Food sustainability without deceit
The achievement of truth and, with it, of correct information is perhaps today, more than ever, one of the most complex issues.
This issue has become more delicate especially in the modern era where the holders of information are often monopolized by large economic interests that have a single goal: to convey a point of view that is compliant and useful for their purposes.
It is information that knows how to grasp the trends of the moment, often translating them into messages and languages, artfully distorted and well disguised, so much so that if you are not practical or expert in the various sectors you easily fall into the web of these great deceivers.
This is the case of the agri-food sector which, together with the energy sector, attracts the great interests of multinationals, power groups and capital that have only one goal: to transform any story to their advantage, then conveying information that leads the population to comply and buy. or use their products or services.
In recent times, then as international organizations, scientists or scholars in the sector envisage the correct ways to achieve food sustainability, we are witnessing a parallel media hammering with diametrically opposed news but dressed in bewitching terms such as: sustainability, feeding the world, the solution for the future, etc ..
Furthermore, the information and media dominance of these colossal groups leads at best to a disorientation of the common citizen but at worst, and it is a substantial part, to the belief that this information is the only correct one.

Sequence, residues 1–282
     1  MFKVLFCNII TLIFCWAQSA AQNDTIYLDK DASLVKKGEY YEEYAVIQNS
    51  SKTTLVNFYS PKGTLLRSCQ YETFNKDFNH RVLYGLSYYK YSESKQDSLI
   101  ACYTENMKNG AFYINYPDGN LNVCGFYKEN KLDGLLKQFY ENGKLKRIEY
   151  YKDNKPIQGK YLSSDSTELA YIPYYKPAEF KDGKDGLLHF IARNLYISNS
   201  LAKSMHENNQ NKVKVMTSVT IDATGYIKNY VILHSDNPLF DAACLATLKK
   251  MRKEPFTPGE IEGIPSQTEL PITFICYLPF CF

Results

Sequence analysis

Thus the ecological and naturalistic theories of this or that scientist or scholar become, at best, romantic positions but no longer current.
The deception is done and the consequent evil is very dangerous even for the future (ironically) of the survival of these giants.
Let’s clarify immediately, in an obviously very simple way and with few mathematical and scientific references, that there is no energy process (as is that of the production of any food) more efficient than that achievable in Nature. Indeed, the more the production takes place in conditions of greater naturalness (the foundation of agroecology), the greater the transformation efficiency will be and, consequently, less pollution and fewer by-products (waste and scraps).
These statements are based on solid laws of physics and thermodynamics, things obviously not known to most and on whose normal and logical ignorance the distorted information relies on.
It is demonstrable (also through complex mathematical simulations) that the more the system is biodiverse and close to an ecosystem balance, the more efficient the transformation of solar energy into food and other services (soil fertility, protection of biodiversity, healthiness of the water, air, food, etc.) is high.
The very question of the use of animal proteins must respond to principles of real ecological sustainability, not only in the capacity for energy integration between autotrophic (vegetable) and heterotrophic (animal) organisms but also (beyond respect for the values of vegans and of vegetarians) in the right food intake for the human species.
Wanting to bypass these complex but, I repeat, very demonstrable laws, is a real crime against humanity and, obviously, against the entire life of the planet.